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Comcover Legal Service Provider Forum Series Legal Services Directions and Model Litigant Obligation 26 November 2013. Marianne Peterswald, Australian Government Solicitor and Catherine Fitch, Assistant Secretary, Office of Legal Services Coordination. Outline of presentation.
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Marianne Peterswald, Australian Government Solicitor
Catherine Fitch, Assistant Secretary, Office of Legal Services Coordination
Claims and litigationby or against the Commonwealth
Model Litigant Obligation (para 4.2 and Appendix B of LSDs)
Claims are to be handled and litigation is to be conducted by the agency in accordance with the Directions on The Commonwealth’s Obligation to Act as a Model Litigant, at Appendix B, noting that the agency is not to start legal proceedings unless it is satisfied that litigation is the most suitable method of dispute resolution
– honesty and fairness throughout legal work
– avoiding/narrowing disputes
– emphasis on alternative and appropriate dispute resolution (ADR)
– does not prevent Commonwealth from acting firmly
– on one view, same obligation now applies to all litigants
(d) endeavouring to avoid, prevent and limit scope of legal proceedings, including giving consideration to ADR in all cases, before commencing litigation and participating where appropriate;
Cases emphasise how points in Appendix B are distilled into a higher standard of conduct for the Commonwealth
Dyson v Attorney General  1 KB 410
The Crown is ‘the fountain and head of justice and equity’.
Melbourne Steamship Co Ltd v Moorehead (1912) 15 CLR 333 at 342 per Griffith CJ
‘I am sometimes inclined to think that in some parts - not all - of the Commonwealth, the old-fashioned traditional and almost instinctive, standard of fair play to be observed by the Crown in dealing with subjects, which I learned a very long time ago to regard as elementary, is either not known or thought out of date. I should be glad to think that I am mistaken.’
The Commonwealth is ‘the best-resourced litigant in the nation. It has access to lawyers of the highest talent. It has reason to uphold legislation, where it choose to do so. It is always supposed to act as model litigant, in the tradition of the Crown.’
Court rules imposes similar obligations to act appropriately on all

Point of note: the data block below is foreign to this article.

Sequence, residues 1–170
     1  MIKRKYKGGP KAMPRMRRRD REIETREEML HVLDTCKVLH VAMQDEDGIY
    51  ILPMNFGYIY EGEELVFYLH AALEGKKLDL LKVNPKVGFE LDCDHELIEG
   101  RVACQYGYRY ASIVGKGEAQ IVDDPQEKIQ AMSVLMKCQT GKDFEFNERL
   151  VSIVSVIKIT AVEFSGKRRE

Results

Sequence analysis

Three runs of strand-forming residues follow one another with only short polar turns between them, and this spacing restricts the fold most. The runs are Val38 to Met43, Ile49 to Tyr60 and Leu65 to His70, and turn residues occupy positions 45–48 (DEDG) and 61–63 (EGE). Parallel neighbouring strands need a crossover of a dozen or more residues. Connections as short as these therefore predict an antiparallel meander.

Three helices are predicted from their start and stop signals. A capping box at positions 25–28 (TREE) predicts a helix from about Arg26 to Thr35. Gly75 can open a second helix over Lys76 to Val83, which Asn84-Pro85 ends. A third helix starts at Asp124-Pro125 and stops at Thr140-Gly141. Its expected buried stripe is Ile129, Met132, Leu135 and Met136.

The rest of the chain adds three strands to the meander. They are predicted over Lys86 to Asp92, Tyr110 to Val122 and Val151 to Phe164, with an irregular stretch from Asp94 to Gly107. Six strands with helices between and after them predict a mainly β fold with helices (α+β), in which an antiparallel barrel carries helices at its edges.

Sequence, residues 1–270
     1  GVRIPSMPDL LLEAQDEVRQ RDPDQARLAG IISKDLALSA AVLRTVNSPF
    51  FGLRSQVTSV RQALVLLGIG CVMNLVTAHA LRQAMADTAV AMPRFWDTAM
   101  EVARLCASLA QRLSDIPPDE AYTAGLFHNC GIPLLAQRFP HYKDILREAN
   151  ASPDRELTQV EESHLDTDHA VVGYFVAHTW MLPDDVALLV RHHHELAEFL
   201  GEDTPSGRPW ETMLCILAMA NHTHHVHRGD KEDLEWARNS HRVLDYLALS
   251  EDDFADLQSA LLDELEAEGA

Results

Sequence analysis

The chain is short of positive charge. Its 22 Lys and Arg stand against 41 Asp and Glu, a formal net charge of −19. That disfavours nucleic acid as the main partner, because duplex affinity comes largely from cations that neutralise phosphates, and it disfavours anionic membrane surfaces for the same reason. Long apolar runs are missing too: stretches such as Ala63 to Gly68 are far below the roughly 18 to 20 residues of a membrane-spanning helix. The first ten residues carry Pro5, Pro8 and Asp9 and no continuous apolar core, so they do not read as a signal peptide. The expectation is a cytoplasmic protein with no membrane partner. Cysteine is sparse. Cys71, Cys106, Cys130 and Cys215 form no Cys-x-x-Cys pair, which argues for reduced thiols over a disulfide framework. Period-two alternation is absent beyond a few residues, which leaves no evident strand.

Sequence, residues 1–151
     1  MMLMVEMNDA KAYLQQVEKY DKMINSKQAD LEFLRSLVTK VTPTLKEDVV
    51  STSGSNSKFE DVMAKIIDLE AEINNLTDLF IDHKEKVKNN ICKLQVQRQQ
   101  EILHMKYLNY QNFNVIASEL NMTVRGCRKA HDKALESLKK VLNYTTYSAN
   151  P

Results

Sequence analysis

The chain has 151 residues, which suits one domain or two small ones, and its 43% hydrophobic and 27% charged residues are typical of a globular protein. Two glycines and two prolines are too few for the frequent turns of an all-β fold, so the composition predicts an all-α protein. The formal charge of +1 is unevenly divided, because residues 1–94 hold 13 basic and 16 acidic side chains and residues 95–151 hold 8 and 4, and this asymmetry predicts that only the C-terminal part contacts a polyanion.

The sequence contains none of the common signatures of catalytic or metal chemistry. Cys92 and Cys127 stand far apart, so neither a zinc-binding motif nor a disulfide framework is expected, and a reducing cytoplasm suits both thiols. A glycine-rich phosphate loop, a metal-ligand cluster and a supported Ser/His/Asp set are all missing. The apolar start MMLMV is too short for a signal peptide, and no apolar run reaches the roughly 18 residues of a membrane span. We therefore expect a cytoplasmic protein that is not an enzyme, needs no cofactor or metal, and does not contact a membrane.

litigants rather than just government bodies:
Section 37M and 37N of Federal Court Act 1976 (Cth)
obligation on parties to act consistently with overarching purpose to facilitate resolution of disputes as quickly, inexpensively and efficiently as possible
Section 56 of Civil Procedure Act 2005 (NSW) outlines duty on all parties to assist the Court to resolve and narrow issues in dispute and a failure to do so may result in costs orders
Key paragraphs are probably 5,6,8 and 23.
Para 5 says expenditure should normally be approved in civil and criminal proceedings if they arise out of employment and the employee acted “reasonably and responsibly”.
Para 6 says do not grant assistance if the Commonwealth is likely to claim contribution or indemnity from the employee if the Commonwealth is sued.
Can the Commonwealth seek contribution from an employee? Yes.
But surely only where that employee has acted terribly? No, merely negligent employees can be sued by an employer at common law.
If it is not clear whether or not the employee’s behaviour meets the test for assistance, the decision may be deferred altogether or the employee’s defence funded until after the facts are ascertained (para 7).
The levels of assistance are at paragraph 11:
If funding a defence, the employee must comply with App D – generally Comcover appoint a panel member to act.
“The indemnification of an employee against any costs or damages payable to another party by the employee … in civil proceedings is only to be approved on condition that the employee’s defence will be controlled by the Commonwealth”.
“Any damages” means all damages including exemplary damages.
There can be no conflict of interest between the Commonwealth and the employee so the Commonwealth can assume conduct of the employee’s defence without risk.
Paragraph 23 means that employee must therefore comply with MLO.
Civil proceedings where no indemnity